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Year : 2022  |  Volume : 67  |  Issue : 5  |  Page : 518-523
Open-label non-blinded cohort study on anti-histaminic resistant chronic idiopathic urticaria in Western India

1 Allergologist and Pulmonologist, Department of Pulmonary Medicine, The Lung Centre, Office No 404, 4th Floor Marathon Chambers, P K Road, Mulund West, Mumbai, Maharashtra, India
2 Allergologist and Pulmonologist, The Lung Centre, Office NO 104, First Floor Trinity Apartments, Uthalsar Road, Thane West, Maharashtra, India

Date of Web Publication29-Dec-2022

Correspondence Address:
Subramanian Natarajan
Allergologist and Pulmonologist, The Lung Centre, Office No 404, 4th Floor Marathon Chambers, P K Road, Mulund West, Mumbai - 400 080, Maharashtra
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Source of Support: None, Conflict of Interest: None

DOI: 10.4103/ijd.ijd_718_21

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Introduction: Chronic idiopathic urticaria (CIU) is a chronic relapsing disease with hives for a period of six weeks or more. It has a significant impact on the physical and mental well-being of patients. Aims and Objectives: Open-label non-blinded study of over 600 patients diagnosed with CIU was done. The aim of the study was to observe the following: 1. Characteristics of patients of anti-histaminic resistant CIU, 2. Efficacy of cyclosporin and any adverse events in the study population and 3. Prognosis and relapse rates of these patients at the end of one year. Methods: Detailed history taking and guided clinical evaluation were done to include chronic resistant urticarias in the study and their clinical characteristics and prognosis were studied. Results: A total of 610 patients were diagnosed with CIU over a period of four years. Of these, 47 patients (7.7%) were diagnosed with anti-histaminic resistant urticaria. Of these, 30 patients (4.9%) who took treatment with cyclosporin at the above dosages were included in group 1. Rest 17 patients were in group 2 that were continued on anti-histaminics. Patients in cyclosporin group 1 showed a significant reduction in symptom scores as compared with group 2 at the end of six months. A lower need for corticosteroid therapy was noted in the cyclosporin group. Conclusion: Cyclosporin in low doses is very useful in anti-histaminic resistant urticaria with the duration of therapy being six months. It is cost-effective in low and medium-income countries and easily available.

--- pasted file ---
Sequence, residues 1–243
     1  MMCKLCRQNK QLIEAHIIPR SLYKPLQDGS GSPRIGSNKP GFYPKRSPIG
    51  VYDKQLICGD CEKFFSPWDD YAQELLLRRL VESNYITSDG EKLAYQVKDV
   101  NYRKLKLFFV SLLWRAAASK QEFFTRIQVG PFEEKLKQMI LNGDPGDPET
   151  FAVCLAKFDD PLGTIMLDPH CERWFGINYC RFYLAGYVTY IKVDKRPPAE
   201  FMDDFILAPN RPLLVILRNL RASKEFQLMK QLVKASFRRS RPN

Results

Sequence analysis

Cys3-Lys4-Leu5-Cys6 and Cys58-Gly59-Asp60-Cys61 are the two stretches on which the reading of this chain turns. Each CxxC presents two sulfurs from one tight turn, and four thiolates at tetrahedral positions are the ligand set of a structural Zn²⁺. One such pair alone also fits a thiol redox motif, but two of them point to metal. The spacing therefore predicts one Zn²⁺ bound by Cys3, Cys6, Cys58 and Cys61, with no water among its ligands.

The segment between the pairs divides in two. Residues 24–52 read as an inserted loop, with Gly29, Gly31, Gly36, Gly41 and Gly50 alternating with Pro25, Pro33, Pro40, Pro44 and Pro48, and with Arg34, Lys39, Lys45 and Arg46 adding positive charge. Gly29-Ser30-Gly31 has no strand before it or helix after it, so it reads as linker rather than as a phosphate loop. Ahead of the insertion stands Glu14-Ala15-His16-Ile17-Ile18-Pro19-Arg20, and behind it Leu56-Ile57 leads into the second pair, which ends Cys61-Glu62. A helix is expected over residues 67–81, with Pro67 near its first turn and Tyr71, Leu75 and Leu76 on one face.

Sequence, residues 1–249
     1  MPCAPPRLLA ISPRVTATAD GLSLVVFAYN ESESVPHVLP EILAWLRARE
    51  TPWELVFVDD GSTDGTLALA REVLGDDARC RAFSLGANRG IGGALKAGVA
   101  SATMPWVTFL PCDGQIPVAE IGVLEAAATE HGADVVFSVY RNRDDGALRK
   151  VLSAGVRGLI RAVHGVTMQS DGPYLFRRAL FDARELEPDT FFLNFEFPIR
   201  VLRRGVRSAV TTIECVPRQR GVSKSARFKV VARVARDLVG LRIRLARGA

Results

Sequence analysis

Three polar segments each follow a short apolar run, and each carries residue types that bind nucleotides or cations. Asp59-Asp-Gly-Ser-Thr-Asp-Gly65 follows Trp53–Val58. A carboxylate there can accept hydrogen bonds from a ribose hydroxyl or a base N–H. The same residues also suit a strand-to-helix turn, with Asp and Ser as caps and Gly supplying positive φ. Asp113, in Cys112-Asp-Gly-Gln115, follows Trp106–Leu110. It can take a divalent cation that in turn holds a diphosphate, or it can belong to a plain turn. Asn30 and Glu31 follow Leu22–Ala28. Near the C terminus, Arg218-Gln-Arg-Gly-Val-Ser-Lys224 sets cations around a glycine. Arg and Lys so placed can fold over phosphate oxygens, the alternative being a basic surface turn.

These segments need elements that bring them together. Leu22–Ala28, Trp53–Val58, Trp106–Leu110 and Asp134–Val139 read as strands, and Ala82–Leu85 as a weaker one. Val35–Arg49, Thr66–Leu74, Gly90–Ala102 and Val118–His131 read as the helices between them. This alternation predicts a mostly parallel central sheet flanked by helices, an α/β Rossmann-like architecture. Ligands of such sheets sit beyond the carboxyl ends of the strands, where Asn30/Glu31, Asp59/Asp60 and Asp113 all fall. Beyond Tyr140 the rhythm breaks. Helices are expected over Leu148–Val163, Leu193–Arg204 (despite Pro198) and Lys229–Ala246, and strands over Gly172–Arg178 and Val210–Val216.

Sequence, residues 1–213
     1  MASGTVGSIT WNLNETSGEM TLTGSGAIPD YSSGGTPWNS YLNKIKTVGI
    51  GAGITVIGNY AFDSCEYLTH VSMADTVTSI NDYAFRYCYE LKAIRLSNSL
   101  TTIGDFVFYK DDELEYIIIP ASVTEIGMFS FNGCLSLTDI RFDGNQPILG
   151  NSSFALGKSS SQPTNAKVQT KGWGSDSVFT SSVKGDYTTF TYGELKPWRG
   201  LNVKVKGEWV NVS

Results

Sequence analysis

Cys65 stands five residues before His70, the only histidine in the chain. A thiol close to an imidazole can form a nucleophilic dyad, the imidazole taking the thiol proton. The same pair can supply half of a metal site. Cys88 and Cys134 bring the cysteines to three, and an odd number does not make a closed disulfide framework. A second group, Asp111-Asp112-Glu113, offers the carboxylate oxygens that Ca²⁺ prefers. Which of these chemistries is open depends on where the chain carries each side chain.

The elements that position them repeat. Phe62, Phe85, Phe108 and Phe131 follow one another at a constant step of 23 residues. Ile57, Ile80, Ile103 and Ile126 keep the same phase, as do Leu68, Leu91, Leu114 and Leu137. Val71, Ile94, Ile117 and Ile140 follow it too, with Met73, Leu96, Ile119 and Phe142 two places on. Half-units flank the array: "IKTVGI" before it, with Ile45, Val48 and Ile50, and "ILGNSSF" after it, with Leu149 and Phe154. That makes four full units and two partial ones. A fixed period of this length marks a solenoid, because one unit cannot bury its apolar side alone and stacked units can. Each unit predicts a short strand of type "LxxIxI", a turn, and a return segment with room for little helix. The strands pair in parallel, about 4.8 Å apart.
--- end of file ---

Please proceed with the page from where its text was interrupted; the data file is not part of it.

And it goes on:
Keywords: Chronic, cyclosporin, relapse, resistant, urticaria

How to cite this article:
Natarajan S, Subramanian P. Open-label non-blinded cohort study on anti-histaminic resistant chronic idiopathic urticaria in Western India. Indian J Dermatol 2022;67:518-23

How to cite this URL:
Natarajan S, Subramanian P. Open-label non-blinded cohort study on anti-histaminic resistant chronic idiopathic urticaria in Western India. Indian J Dermatol [serial online] 2022 [cited 2023 Jan 31];67:518-23. Available from:

   Introduction Top

Chronic spontaneous urticaria (CSU) or chronic idiopathic urticaria (CIU), is defined by the presence of urticaria (hives) on most days of the week,[1] for a duration of six weeks or longer. Urticaria is a mast cell-driven disease with the release of multiple mediators like histamine, platelet-activating factors and cytokines. Chronic urticaria (CU) causes a significant physical and psychosocial impact on patients.[2] It markedly affects objective functioning and subjective well-being. Also, many patients have lower subjective satisfaction due to the chronic relapsing nature of the disease and dependency on the medicines. The prevalence of CIU in the general population,[3],[4] has been estimated to range from 0.5% to 5%; however, the true point prevalence, cumulative prevalence and lifetime prevalence of CU have not been established even in the United States. The prevalence and incidence in India have still not been estimated.